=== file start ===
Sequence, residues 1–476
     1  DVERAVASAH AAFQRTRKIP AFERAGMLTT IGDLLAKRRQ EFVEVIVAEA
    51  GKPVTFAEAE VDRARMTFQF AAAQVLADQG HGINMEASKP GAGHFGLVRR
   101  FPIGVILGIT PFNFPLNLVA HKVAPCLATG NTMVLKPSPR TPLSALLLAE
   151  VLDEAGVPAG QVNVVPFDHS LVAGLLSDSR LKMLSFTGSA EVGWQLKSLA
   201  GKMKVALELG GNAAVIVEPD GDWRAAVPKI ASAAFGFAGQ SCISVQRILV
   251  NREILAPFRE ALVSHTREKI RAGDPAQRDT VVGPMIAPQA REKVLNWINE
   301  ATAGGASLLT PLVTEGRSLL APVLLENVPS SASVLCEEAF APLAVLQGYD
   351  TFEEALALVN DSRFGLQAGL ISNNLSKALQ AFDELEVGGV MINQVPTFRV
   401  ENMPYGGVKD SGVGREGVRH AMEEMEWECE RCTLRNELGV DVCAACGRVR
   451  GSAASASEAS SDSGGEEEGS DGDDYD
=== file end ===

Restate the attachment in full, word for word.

Sequence, residues 1–476
     1  DVERAVASAH AAFQRTRKIP AFERAGMLTT IGDLLAKRRQ EFVEVIVAEA
    51  GKPVTFAEAE VDRARMTFQF AAAQVLADQG HGINMEASKP GAGHFGLVRR
   101  FPIGVILGIT PFNFPLNLVA HKVAPCLATG NTMVLKPSPR TPLSALLLAE
   151  VLDEAGVPAG QVNVVPFDHS LVAGLLSDSR LKMLSFTGSA EVGWQLKSLA
   201  GKMKVALELG GNAAVIVEPD GDWRAAVPKI ASAAFGFAGQ SCISVQRILV
   251  NREILAPFRE ALVSHTREKI RAGDPAQRDT VVGPMIAPQA REKVLNWINE
   301  ATAGGASLLT PLVTEGRSLL APVLLENVPS SASVLCEEAF APLAVLQGYD
   351  TFEEALALVN DSRFGLQAGL ISNNLSKALQ AFDELEVGGV MINQVPTFRV
   401  ENMPYGGVKD SGVGREGVRH AMEEMEWECE RCTLRNELGV DVCAACGRVR
   451  GSAASASEAS SDSGGEEEGS DGDDYD